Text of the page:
Malema and the EFF are defining a generation
January 14, 2015
by Nomalanga Mkhize*
REMEMBER the time, in July 2011, when Johann Rupert reportedly described the African National Congress Youth League under Julius Malema as being like a “mosquito in one’s tent”? When I read that, I remember thinking, “Oh there’s going to be hell to pay for this comment.” It was folly to be dismissive of the upstart politician who had the vigour of youth on his side and was gifted with sharp social insight.
Three months after the reported mosquito comment, in October 2011, Malema led 1,000 young people on a 50km economic freedom march from Johannesburg to Pretoria. They marched through the night with Malema alongside them. Since then Malema, now the commander-in-chief of the Economic Freedom Fighters (EFF), has proven that he will brook no obstacles to his political ambitions and is a formidable political force who has captured the sentiments of 1-million voters.
But why did someone like Rupert seemingly underestimate Malema by characterising him as a minor irritant? Perhaps in part he was deceived by the caricatures of “Malema the buffoon” that were common in mainstream media. For a long time there was a racist subtext about Malema in media that constructed him in the trope of the idiotic, childish African leader with the “thick black accent”. This image of Malema spawned many jokes, drawing in particular on his matric results, specifically making fun of the fact that he did woodwork as a subject.
The reality, of course, is that Malema’s matric results were not a reflection of his intelligence but of the severely dysfunctional state of Bantu education, which especially affected those who were educated from the mid-1980s to the early 1990s. Malema’s grades did not look much different from many people I grew up with in the rural areas.
However, this caricaturing of Malema demonstrated to me just how much mainstream media and non-African language political discourse blindly uses suburban experience as its point of departure in unpacking South African society. To his opponents in his hometown of Seshego, Limpopo, Malema surely never appeared to be a fool; indeed, they experienced him as a very strategic, authoritarian and fierce competitor in local ANC politics.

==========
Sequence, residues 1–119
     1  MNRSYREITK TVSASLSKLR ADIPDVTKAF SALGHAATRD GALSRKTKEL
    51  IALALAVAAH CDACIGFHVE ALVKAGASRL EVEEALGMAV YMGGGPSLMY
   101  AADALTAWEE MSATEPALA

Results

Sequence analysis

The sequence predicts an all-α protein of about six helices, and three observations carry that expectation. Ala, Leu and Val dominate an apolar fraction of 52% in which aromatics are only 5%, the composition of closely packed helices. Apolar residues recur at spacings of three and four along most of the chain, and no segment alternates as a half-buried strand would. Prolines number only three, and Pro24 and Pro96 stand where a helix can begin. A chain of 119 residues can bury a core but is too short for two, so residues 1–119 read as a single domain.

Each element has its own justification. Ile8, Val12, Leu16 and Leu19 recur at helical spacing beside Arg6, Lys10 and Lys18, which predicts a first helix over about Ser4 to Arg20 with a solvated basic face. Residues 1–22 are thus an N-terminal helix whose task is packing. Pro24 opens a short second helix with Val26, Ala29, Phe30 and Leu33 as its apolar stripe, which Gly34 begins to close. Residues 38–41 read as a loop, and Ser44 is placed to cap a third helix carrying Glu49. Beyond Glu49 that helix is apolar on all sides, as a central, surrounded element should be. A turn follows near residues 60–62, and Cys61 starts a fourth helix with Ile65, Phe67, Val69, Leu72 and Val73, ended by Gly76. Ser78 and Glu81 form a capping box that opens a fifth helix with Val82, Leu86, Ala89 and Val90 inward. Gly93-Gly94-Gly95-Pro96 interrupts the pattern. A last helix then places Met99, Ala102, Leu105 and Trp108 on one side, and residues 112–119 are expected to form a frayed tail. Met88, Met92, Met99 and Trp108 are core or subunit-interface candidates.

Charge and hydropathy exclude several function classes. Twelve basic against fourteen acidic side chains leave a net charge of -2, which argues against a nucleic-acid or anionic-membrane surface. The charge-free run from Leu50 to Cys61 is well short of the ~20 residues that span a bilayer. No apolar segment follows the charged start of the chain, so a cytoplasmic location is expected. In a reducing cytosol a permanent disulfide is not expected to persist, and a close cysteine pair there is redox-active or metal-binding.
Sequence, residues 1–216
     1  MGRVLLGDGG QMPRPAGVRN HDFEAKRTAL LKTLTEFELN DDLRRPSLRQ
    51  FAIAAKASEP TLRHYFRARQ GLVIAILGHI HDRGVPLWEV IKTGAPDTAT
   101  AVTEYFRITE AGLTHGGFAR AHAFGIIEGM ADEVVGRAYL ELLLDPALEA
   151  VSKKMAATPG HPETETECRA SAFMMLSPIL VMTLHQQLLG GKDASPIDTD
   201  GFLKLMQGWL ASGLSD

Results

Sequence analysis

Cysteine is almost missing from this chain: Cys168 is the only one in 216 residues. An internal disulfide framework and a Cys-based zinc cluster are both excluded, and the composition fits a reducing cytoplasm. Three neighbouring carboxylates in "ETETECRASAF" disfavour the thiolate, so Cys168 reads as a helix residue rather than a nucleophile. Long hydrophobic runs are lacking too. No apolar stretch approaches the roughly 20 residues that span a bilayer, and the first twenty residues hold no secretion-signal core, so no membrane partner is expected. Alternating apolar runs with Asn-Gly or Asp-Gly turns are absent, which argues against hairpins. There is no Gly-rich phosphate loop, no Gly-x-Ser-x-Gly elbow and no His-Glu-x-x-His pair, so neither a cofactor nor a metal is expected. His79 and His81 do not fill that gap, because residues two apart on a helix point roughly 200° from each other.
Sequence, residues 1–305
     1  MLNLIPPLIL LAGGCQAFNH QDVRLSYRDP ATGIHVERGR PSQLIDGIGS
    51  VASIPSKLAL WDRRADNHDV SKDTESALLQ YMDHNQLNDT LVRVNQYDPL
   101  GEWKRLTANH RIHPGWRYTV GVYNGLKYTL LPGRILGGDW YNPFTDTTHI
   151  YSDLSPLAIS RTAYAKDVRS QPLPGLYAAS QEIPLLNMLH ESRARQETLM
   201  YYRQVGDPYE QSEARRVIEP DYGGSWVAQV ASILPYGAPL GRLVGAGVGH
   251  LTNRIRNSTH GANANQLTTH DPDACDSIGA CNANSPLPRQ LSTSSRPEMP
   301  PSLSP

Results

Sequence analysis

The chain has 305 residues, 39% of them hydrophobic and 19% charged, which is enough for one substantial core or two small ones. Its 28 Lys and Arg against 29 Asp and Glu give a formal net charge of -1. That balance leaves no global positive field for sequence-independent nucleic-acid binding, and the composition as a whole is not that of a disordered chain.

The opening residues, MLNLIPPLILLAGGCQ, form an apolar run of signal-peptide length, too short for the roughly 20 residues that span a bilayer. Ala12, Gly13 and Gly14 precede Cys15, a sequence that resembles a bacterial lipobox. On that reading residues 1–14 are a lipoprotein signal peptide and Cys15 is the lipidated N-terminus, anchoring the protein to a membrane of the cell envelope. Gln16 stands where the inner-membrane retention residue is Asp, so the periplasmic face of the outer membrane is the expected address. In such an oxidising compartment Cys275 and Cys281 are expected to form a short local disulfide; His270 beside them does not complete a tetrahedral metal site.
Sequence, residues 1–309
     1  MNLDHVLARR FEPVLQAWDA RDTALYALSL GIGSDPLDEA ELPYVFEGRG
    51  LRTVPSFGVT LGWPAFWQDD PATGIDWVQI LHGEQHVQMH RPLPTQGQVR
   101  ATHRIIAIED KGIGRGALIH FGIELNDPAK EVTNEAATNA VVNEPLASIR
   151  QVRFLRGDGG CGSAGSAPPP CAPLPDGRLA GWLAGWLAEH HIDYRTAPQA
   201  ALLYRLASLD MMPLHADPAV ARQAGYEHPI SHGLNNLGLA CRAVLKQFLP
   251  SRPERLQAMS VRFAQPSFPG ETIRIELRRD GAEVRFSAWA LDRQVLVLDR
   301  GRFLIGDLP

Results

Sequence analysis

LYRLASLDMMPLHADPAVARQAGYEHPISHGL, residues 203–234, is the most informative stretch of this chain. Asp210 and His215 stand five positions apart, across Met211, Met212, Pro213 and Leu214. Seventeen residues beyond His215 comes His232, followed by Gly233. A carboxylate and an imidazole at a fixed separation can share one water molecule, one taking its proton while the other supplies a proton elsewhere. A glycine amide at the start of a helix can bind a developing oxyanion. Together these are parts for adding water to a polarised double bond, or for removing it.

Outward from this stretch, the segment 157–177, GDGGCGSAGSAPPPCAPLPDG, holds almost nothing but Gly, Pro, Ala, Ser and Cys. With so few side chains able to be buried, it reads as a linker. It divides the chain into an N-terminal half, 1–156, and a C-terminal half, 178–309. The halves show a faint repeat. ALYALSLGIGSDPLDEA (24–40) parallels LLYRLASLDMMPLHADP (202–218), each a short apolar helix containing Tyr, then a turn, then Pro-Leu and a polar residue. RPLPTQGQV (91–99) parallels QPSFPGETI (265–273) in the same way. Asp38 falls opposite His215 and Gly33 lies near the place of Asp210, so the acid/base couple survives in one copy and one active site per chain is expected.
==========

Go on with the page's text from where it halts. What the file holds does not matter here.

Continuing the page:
More important than the media’s gaze, perhaps Rupert took his cue from the ANC itself.
Perhaps Rupert bought into the notion that no one is bigger than the ANC; that while Malema was noisy, he would be nobody without the ANC. This is why, after Malema’s expulsion from the ANC, there were many predictions of his political death. The rise of the EFF shows that these predictions were out of touch with the rumbling sentiment of youth discontent in SA. Even when the ANC has its finger on the pulse about the national mood, it still tends to operate from the view that the majority of South Africans are unlikely to abandon it wholesale.
Though South Africans will not abandon the ANC overnight, there is a seismic generational shift under way in the movement. What will be passing is the era of the Ruperts and the Cyril Ramaphosas, a cohort of leaders that emerged out of the Convention for a Democratic SA (Codesa) with a template for how we would build a new society.
Today the flagship political vision the Codesa generation is offering is the National Development Plan. But for a growing number of young black South Africans, plans and government 12-point strategies are just no longer enough reassurance.
In this context the EFF, with its 6% of the vote, has shifted the tone and sense of urgency on these matters. What happens between now and 2019 in the political arena is going to mark the politics of this emerging generation for the next two decades. At this juncture it is not clear what kind of political dynamics will emerge.
What is clear is that, for better or for worse, Malema and his EFF peers are leading the way into the future and are boldly defining the mood for a generation. Anyone with a commitment to SA should conduct their politics and activism with that reality in mind.
*Source bdlive. Mkhize is a lecturer in the history department at Rhodes University.
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